5:17pm: Where did the time go? Curbside voting. Nice to wait in the sun.

My one extended break in the unusually nice weather was getting to wait outside with another poll worker and a pair of challengers, while a voter with a disability completed their ballot from their car. Michigan allows curbside voting, but anytime a worker assists a voter with such a ballot, they have to be accompanied by a second person (worker or non) who is affiliated with a different party. It’s the kind of thing that seems quaint – and maybe even precarious – from the outside, but it works and it works well, and is backed up with further layers of checks. I think it’s exemplary of the combination of human and technological, analog and digital, paper and electronic, that has become a part of this unique process that we call an American election.

6:19pm: “It’s getting to be that silly time, like 2AM in an elementary school sleepover.”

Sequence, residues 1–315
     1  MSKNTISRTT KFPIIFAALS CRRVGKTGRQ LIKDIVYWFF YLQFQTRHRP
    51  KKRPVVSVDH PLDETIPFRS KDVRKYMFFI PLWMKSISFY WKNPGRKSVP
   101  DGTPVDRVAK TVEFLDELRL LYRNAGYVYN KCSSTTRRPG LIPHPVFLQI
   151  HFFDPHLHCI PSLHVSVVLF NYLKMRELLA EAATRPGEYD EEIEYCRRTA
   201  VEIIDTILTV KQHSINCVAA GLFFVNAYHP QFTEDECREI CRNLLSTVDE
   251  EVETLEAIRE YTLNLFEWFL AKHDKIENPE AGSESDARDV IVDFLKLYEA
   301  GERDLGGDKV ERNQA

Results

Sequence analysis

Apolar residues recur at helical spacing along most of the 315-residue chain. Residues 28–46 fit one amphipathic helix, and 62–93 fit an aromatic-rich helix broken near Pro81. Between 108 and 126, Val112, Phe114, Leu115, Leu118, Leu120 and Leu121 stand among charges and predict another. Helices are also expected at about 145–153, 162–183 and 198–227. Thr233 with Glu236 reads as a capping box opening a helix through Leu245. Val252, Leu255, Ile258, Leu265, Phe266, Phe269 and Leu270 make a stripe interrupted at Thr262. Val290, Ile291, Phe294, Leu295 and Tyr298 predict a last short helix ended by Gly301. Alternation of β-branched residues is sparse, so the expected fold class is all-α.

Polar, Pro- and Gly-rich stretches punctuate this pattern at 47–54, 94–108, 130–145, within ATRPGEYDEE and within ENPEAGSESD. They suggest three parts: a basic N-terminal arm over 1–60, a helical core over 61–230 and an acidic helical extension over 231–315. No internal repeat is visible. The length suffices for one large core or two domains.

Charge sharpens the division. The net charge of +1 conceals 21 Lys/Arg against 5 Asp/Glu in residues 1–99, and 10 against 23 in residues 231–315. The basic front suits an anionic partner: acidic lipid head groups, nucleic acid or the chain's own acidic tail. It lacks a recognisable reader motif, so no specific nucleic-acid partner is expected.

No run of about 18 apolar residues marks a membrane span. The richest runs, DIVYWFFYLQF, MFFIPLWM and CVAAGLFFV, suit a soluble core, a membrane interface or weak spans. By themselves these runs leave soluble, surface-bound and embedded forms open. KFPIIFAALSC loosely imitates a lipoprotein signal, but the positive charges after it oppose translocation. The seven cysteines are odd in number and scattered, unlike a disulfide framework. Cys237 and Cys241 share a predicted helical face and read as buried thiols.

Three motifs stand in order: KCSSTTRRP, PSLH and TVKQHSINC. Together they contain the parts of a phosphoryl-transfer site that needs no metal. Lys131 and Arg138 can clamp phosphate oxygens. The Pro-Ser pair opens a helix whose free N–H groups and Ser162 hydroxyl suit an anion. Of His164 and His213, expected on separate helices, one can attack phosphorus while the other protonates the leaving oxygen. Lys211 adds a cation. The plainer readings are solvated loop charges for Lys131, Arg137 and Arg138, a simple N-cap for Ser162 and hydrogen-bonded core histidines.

Said P., thirteen hours into the shift.

7:00pm: Quiet lull.

With polls closing at 8pm, we’d started counting down the minutes, and by this time my biggest anxieties had been smoothed away. So much about this election seemed novel, unpredictable, but my moment-to-moment experience of it was, for the most part, just like the two I’d worked before. I go back to my note from the start of the day: I will not let fear rule my life. Or to put it a few more words:

I will not let
how I imagine
things to be

get in the way
of my seeing
how they are.

What sticks out most to me, in these days after the election, are the individual voters, some of whom I’ve come to recognize as regulars. I’ll remember the one woman who seemed to know everyone in the precinct – who told me, back in August, that one day she was going to run for mayor of Detroit (and was counting on my support).